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Woodcarving: Falling for the Craft
I was never a carver, but the thought of being one has always appealed to me. I liked the idea of using your hands and a knife and letting them work the wood until a form appeared, slowly followed by details and character. I sat at a long table with a handful of other, more experienced woodcarvers in a week-long class led by Tom Wolfe, a well-known man in his realm. I’d never heard of him, but the class sounded fun and it was something I’d wanted to learn for a long time.
I used knives that I’d found in my parents’ basement. A flimsy box tucked away in the musty darkness yielded a jumble of wood blocks, a variety of knives and sharpening tools and several formed pieces, halted somewhere in their progression toward complete. I filled a canvas bag with the items I found might be of use and drove south, to the John C. Campbell Folk School.
We were given pieces of basswood, which is a soft wood and easy to carve. The wood was precut into long, rectangular blocks. Then we were shown an array of carvings, each done by Mr. Wolfe. These we would use as guides to form our own works. His characters were very whimsical, with big round noses and expressive faces. While it was daunting to be expected to simulate the work of a professional, I was ready to begin.
I picked up my knife, a very basic carving knife that, though it did the job, looked meager compared to the leather satchels and miniature lazy susans filled with all variety of tools: v-gouge, spoon gouge, wide gouge, scrapers, and chisels. Nonetheless, I persevered. I learned to use a pencil to sketch out areas so the proportions were accurate and the sides even. I chose to carve a little gnome and, as I worked, I watched his face emerge from the corner of the block: first his nose, then his chubby cheeks, a brow line, his lips and forehead, all the way back to his ears. It was enchanting to watch.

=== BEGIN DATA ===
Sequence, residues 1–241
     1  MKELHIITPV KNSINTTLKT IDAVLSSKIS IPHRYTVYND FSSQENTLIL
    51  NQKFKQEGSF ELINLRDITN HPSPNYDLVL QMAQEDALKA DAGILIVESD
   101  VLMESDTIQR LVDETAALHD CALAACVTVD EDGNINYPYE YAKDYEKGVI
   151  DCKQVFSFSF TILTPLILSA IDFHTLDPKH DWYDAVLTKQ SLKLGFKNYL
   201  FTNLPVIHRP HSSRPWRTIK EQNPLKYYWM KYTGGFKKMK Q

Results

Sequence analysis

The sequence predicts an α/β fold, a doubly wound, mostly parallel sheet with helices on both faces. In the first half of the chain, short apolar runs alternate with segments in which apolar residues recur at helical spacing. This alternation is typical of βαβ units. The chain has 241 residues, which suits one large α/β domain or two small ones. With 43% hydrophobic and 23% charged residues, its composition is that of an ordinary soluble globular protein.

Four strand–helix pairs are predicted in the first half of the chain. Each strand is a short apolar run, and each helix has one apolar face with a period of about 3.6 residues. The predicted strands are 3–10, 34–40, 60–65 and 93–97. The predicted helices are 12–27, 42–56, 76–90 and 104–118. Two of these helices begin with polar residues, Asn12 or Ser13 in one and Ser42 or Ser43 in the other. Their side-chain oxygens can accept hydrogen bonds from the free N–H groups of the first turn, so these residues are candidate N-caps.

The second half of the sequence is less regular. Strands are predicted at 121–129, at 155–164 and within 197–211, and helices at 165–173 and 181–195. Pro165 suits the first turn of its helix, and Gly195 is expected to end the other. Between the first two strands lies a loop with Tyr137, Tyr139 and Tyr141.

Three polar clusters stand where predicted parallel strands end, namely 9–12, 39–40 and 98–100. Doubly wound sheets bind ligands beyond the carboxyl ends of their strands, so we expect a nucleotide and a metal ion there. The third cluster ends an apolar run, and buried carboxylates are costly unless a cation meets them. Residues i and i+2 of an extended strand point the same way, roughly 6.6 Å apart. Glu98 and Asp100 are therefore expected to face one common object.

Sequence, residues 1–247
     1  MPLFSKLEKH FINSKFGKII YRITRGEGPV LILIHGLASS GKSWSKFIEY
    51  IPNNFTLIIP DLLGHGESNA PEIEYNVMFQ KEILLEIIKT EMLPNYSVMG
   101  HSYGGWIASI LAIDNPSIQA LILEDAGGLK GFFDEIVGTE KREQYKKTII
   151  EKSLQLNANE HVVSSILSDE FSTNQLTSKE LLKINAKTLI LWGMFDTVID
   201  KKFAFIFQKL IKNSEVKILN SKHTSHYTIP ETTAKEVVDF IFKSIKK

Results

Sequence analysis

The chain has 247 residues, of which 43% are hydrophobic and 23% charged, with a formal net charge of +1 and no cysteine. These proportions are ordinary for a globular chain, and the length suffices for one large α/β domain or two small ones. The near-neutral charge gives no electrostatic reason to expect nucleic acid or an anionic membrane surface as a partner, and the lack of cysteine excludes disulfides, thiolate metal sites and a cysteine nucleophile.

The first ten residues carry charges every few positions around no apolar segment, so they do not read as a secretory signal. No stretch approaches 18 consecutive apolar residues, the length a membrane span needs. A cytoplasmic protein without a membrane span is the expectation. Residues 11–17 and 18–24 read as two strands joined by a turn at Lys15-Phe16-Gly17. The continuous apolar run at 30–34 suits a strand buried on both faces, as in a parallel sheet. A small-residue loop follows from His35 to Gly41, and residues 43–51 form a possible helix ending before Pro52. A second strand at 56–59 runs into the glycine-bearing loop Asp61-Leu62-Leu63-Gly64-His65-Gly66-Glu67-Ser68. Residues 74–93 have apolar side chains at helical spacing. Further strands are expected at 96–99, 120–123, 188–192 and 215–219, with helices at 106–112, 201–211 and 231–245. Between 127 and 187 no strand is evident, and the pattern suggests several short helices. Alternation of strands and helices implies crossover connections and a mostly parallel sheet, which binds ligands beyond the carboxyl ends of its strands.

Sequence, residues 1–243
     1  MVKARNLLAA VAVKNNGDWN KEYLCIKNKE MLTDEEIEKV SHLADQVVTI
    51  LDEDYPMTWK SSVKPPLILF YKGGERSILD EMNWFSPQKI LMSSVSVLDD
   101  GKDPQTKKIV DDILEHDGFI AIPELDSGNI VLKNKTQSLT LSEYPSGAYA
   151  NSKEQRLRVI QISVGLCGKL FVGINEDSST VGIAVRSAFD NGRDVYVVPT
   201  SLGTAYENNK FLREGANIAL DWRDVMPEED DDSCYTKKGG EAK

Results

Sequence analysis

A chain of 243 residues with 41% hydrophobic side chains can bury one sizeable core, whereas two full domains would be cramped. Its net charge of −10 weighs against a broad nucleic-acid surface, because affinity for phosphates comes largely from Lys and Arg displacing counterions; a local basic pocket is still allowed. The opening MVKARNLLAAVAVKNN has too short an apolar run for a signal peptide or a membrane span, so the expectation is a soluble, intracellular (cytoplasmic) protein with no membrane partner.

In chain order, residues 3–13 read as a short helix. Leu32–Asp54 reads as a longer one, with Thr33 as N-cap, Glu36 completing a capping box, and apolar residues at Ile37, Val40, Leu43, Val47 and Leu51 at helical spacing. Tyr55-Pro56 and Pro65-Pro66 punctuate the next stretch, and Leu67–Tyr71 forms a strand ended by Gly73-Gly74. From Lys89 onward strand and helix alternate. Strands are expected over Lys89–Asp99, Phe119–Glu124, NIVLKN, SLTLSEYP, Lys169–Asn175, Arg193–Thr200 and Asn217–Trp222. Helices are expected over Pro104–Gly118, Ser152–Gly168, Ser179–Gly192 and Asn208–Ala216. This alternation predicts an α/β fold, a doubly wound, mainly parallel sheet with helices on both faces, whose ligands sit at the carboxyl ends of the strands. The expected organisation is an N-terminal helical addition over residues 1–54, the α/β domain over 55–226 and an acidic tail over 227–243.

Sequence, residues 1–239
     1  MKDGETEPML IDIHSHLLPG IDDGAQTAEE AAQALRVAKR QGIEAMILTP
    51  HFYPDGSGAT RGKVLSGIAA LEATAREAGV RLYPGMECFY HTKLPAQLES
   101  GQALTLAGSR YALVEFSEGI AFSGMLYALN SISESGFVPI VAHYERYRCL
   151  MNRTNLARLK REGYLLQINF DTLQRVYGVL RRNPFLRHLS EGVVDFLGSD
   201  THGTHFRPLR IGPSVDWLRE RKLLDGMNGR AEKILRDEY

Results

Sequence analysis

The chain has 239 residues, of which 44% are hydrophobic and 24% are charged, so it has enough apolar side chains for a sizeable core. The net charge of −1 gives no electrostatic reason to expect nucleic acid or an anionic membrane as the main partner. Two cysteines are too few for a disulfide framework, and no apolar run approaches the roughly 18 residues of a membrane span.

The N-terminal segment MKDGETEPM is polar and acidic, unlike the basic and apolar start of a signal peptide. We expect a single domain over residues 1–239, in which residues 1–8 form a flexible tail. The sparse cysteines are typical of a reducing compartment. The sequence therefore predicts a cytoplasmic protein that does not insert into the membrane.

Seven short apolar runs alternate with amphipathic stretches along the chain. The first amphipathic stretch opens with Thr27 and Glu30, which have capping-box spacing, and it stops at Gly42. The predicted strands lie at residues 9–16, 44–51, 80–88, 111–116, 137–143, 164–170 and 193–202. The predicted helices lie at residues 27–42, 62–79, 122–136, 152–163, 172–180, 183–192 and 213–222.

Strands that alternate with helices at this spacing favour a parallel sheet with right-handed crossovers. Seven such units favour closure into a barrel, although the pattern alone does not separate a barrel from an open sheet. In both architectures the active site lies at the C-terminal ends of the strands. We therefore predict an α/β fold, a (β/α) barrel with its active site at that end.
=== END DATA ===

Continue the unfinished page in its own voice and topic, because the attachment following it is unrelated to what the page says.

While the other carvers would often use different tools, based on what detail they were working on, I found that I was fairly able to achieve all of the features I wanted, as long as I kept my knife sharpened. A sharp knife is key in carving. You are better able to make clean cuts and avoid slips that could lead to a bloody finger. I learned that the hard way, as evidenced by my bandaged fingers. Some carvers wear gloves to protect their hands, but I found them too cumbersome and thus suffered the consequences.
Through the week, I became more confident and decided to use some artistic license in copying Mr. Wolfe’s pieces. In the process of forming the head of a Santa Clause, I turned the formation of my piece in a different direction. What was most exciting about simply letting my hands guide me was that I had no idea of the outcome. As I worked on one feature at a time, I wouldn’t know how they would come together until the very end. What resulted was a very charming mountain man with a long beard and a wizened face. This beautiful form of making art was becoming my passion.
Carving is such an experience, what first is a block of wood becomes something totally transformed in your hand. The only evidence of the change is a pile of shavings on your lap and under the chair. While it is not an easy craft, it is one you can let yourself ease into and let your hands be your guide. It is inevitable that what you create isn’t what you first had in mind, but that is why you must simply be open for whatever may be the outcome, and treasure it- for it is your own.